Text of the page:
Sunday, 9 October 2011

The Suck Factor -- office life & too much Crazy

Careerbuilder cranked out a list of 10 Annoying Workplace Habits. It hit the mark of things that make your daily slog irritating, but still came in fairly tame on the workplace suck-o-meter. That office couldn't have been a daily newspaper.

The list captured some of my own co-worker peeves of days gone by: playing music/talking on the phone, stanky food, excessive cigarette breaks (and I do mean excessive -- how about several hours a day?), and gossiping as though Springer's calling any minute for a hot tip.

But I could add a few additional quibbles with co-workers. Such as humming and bopping to your headphones. That bobbing head in my peripheral vision for hours on end made me mentally practice how I'd have to pretend to act sad if you ever got hit by a bus. Which I fervently hoped you would.

Then there's blasting Christian rock on a boom box while others are working, constantly drumming your fingers on your desk, and treating the newsroom to a song. Not just a line of it that got stuck in your head that one time, but singing the whole thing. Thoughtful, no?

Or how about colleagues throwing chairs at (surprisingly tough and bouncy) windows and flinging exacto knives at walls? Life on daily deadline is not conducive to sanity. (I should point out this was in the States, so it's probably a different kind of madness to UK newspapers.)

And I can't forget the co-worker who wore the same sandals every day all summer, sharing a stank-feet waft so foul it immediately gave me a headache. Do you know how gross a smelly foot headache is? Do you?! I'd rather have a poo-flinging monkey in the room. At least that I could dodge, maybe wear a blast helmet and poncho. When your desk is right next to someone with funky BO, there's not much you can do, no way to tell him without inspiring his hatred forever -- and it probably wouldn't fix the problem, anyway. He'd just sprinkle a little powder in the nasty sandals rather than burning the foul things, and my stank-headaches would continue.

Then there's the Snark Queen, full of nasty comments about everyone behind their backs (and right to your face if you were the unlucky wench seated next to her). She's only too happy to brag inappropriately about her husband's penis size and her stint working at Hooters (obviously intended as proof of an attractiveness she mistakenly thinks she still possesses).

But it's not just the co-workers who crap up your day -- it's the public. When first starting out, I worked at a small-town newspaper office designed by someone who either had zero idea of the challenges of a journalist's job or was extremely sadistic. It was designed open plan -- anyone could walk in off the street and not only see the newsroom, but round a corner and walk back to us unencumbered (and uninvited).

That's right, they could accost us any time, deadline or deep concentration be damned, with demands to know when a story would run, why a photo from their family reunion was omitted or what kind of moron could fail to follow up that hot tip on the dancing Chihuahua (which was the kind of story we'd never run even at a small paper -- unless everything else fell through, in which case we'd gladly place a funny hat on the mutt and make it a four-column front-page photo). Most newsrooms are designed with limited access for a reason -- newspapers attract the disgruntled, the unbalanced and the self-promoting like George Clooney attracts the ladies.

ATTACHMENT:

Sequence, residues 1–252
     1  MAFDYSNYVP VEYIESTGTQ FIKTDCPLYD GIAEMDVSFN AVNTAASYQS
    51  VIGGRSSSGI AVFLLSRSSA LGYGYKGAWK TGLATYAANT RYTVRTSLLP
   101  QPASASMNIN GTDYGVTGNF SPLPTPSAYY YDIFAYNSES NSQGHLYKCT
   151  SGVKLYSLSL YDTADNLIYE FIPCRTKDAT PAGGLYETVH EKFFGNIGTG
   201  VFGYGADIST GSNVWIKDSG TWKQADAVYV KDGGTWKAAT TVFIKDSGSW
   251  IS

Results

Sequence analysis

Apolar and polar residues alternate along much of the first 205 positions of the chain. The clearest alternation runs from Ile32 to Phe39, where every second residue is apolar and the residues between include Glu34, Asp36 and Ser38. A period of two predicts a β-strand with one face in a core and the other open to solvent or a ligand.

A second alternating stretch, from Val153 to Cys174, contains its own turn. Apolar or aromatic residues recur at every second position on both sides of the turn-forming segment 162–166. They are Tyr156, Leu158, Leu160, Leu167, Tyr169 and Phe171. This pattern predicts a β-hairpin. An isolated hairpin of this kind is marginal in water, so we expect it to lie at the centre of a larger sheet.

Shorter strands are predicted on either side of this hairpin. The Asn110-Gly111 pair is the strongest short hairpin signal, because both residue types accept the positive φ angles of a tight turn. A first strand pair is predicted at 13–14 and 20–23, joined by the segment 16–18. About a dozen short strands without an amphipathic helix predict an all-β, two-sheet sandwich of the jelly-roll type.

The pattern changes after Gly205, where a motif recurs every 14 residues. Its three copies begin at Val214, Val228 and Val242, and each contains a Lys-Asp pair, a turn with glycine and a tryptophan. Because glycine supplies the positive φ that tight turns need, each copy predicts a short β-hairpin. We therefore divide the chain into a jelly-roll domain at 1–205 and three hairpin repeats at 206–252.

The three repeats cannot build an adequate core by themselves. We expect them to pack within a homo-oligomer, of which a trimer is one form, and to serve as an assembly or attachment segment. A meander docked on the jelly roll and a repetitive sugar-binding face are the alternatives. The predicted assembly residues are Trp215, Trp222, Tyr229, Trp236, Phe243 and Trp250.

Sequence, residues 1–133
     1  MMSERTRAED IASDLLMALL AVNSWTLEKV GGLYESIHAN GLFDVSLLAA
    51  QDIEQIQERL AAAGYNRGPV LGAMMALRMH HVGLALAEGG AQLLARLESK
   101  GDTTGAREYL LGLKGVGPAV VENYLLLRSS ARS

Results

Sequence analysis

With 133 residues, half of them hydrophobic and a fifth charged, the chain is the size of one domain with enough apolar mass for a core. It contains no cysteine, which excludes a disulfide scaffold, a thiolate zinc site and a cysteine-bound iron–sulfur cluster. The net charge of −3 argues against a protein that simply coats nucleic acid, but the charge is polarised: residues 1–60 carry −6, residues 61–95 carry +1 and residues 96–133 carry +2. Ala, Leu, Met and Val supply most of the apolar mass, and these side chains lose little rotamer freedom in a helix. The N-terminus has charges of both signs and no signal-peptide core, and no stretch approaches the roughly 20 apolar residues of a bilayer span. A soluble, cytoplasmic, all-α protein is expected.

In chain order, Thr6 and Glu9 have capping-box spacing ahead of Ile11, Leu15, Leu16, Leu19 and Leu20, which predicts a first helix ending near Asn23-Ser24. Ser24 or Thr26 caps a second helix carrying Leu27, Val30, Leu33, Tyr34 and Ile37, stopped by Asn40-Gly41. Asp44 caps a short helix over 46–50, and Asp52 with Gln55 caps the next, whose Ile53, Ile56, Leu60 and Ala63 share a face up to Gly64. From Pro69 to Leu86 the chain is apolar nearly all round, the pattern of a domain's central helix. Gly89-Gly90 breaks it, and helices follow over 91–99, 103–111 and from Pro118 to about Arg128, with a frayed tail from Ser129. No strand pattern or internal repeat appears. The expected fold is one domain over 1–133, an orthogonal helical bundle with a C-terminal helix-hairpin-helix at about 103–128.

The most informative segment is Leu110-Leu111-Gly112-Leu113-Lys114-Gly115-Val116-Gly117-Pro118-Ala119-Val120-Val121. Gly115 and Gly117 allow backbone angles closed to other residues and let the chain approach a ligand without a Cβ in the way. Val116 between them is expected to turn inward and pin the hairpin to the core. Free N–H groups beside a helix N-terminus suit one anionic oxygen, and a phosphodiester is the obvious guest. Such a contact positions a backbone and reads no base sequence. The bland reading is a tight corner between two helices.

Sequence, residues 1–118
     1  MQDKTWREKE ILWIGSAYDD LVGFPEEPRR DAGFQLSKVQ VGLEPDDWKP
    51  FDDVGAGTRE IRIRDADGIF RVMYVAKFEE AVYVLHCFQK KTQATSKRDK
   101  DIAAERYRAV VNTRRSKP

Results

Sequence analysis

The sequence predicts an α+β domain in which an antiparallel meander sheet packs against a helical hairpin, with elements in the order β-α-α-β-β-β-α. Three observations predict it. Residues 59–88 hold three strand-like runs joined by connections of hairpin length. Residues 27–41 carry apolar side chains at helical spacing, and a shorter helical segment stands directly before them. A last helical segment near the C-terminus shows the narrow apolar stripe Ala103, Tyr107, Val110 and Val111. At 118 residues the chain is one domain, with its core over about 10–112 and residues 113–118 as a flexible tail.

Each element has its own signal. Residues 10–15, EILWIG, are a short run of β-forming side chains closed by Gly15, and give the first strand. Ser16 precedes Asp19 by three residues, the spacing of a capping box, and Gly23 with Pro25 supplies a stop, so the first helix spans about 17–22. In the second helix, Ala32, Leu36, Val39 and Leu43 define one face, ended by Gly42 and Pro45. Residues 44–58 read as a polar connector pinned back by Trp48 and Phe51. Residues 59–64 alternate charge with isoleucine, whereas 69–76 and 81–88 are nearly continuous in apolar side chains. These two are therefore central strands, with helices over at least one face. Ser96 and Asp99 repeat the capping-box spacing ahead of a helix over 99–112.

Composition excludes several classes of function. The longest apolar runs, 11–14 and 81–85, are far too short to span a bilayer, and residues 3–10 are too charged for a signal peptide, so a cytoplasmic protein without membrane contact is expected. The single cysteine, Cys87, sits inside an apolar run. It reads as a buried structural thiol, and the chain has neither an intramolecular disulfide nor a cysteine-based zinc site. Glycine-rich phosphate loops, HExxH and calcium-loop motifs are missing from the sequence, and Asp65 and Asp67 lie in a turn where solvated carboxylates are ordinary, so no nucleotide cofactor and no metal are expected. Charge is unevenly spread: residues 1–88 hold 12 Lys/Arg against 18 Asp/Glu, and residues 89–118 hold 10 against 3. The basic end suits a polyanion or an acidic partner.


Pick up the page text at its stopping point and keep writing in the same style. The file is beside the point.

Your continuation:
The layout screwed us over every day, not least when Crazy came a callin'. I didn't give her that moniker -- she was known as that long before I worked there and probably is to this day. We could hear her loud voice crackling with frantic energy carried back to us from the reception desk as soon as she entered. Our hands would freeze over our keyboards as it hit us: she's off her meds.

I'd call a newsroom meeting (really more a get-out-of-the-line-of-fire meeting) and we'd rush into the conference room, locking the door and closing the blinds on the floor-length glass windows facing the newsroom.

We'd discuss whether the windows were bulletproof. (We hoped they were given the tossed-chair incident wherein a rather severely under-qualified editor had a hissy when he couldn't handle the job yet again and hurled a chair at the surprisingly sturdy windows currently between us and Crazy. The chair bounced back and just missed him, making that story far less awesome than it might've been). However, we also wondered if we could break the outside windows with a chair to make an escape if need be, since they only opened a few inches. Given the aforementioned example, we thought the chances slim.

Crazy never made threats nor seemed violent, but her ability to detect sinister hidden meanings in innocuous articles, mixed with her wild-eyed intensity, put our nerves on edge and freed our imaginations to concoct worst-case scenarios. I once checked the employee restroom for homemade bombs after she'd used it (without asking) because she'd stomped back there purposefully and with an air of frenzied intensity whilst also carrying a giftbag.

Crazy was infamous in the small town. She'd been banned from City Hall and in fact from our own newsroom, but no one on our end had the balls to face her down and make her leave, unlike City Hall which had the Police Department on site.

She was actually a sad case, but there was nothing we could do about it other than try to get our work done without too much incident. Besides, insanity was a normal part of our day, something to take in stride, sidestep or submit to as the case required.

And all of that was just what happened in the office, nevermind what took place once I grabbed my notepad and hit my beats. But there are many stories in the Naked City (or Primly Dressed Small Town, as the case may be), and I'll save the rest for another day.

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